Elsewhere the mangroves and palm fringed white beaches of Caya Jutia were as beautiful as you would imagine. Though we were bemused at all the staff, drivers and tourists leaving by 6 - until the moment night fell and the mosquitos swarmed. As soon as the sun dipped below the horizon the air grew thick with the hungry. We dived for the tent, zipping up in record time. 50 bites on each leg, and a we gave up counting.  We never camped near mangroves again... 

Cuban car, Caya Jutia

We headed South to Cienfuegos, an old town we wanted to explore away from the chaos of Havana. We dawdled through city then took a ferry to the far side of the bay and headed into the wilds. Down a country track we were hailed by a policeman. 

"Bandit country." He wasn't letting us past. We peered into the lush farmland and forest, wondering what horrors lay beyond. 

"No." We turned back, hoping to finally wild camp for real. 

We found a beautiful bay, with a beach and a small hut. We asked if we could pitch our tent for the night. The three men said we could, but only three months earlier four travellers had to be taken off in an ambulance after the bandits attacked them, right there overlooking the sea. We weighed up our chances. They apologised for not being able to let us stay with them, but Cuba's laws and snoops would make mincemeat of their generosity. They gave us dinner, so long as we ate it outside, and were unwilling to take payment for sharing.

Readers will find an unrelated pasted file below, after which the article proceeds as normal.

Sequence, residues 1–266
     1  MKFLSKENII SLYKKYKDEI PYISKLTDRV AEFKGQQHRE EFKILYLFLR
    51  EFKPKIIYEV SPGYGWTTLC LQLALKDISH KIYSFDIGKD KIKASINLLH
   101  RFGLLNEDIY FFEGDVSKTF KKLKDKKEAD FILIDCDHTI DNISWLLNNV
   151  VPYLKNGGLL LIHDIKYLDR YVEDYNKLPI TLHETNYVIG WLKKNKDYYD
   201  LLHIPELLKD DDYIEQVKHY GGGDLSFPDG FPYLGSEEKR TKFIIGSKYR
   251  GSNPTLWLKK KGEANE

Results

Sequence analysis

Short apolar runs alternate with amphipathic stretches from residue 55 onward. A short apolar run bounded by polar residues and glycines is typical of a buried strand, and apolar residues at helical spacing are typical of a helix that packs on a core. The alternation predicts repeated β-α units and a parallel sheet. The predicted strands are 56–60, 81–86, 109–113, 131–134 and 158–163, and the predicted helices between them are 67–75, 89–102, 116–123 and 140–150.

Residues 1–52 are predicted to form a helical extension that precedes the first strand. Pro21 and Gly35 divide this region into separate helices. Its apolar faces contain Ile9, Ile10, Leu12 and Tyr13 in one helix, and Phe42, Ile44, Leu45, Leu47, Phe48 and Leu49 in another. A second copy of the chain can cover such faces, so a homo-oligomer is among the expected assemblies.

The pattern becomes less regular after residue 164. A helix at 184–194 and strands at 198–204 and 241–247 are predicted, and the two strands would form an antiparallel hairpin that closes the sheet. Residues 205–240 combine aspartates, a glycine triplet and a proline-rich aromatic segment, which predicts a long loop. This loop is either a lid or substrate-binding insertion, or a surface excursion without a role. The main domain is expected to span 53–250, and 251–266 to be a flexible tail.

We headed back to the village to find a casa, with bandit proof walls, pining the genuine hospitality we had left behind.

Mention Cuba and everyone thinks about 50s American cars - and they are everywhere. Where there are tourists to taxi, they've been done up, rust spots GRP'd over, new paint job, new Pioneer sound system, plastic over the seats. They cruise up and down the Malecon along Havana's seafront, tourists sat on top of the back seat, pretending they're extras in Grease. Where there is money, there are also new cars, shiny silver things deadening the cacophony of colour, and diesel, on the roads. 
What no one talks about are the Ladas, the Soviet cars bridging the gap between Americana and modernity. Outside the Tourist Hubs, these and the 50s classics are the beat up workhorses, swerving along roads avoiding potholes, horse drawn traps and stray livestock roaming free. Bikes are everywhere too, a few mountain bikes (the Cubana cabin crew were importing a few on our flight in from Toronto), but mainly pre-revolution sit-up-and-begs. Riddled with rust, clanking and groaning, wheels wiggling like ensnared snakes, but still going. 
We loved Cuba, the place and the people, and being cut off from the rest of the world (especially when that world includes a certain Fart.) WiFi was available - in the main square of large towns, where Cubans gathered with their screens to connect to friends and family far away; 1hr, £2. No vacant facebooking whenever. 
We drank the best Cuba Libres, Mojitos and Pina Coladas, and a few ice cold cervezas nacionales,  smoked the cigar made by Miguel from the train, thinking how lucky we are to be here, but looking forward to ordering a dinner free from rice and beans...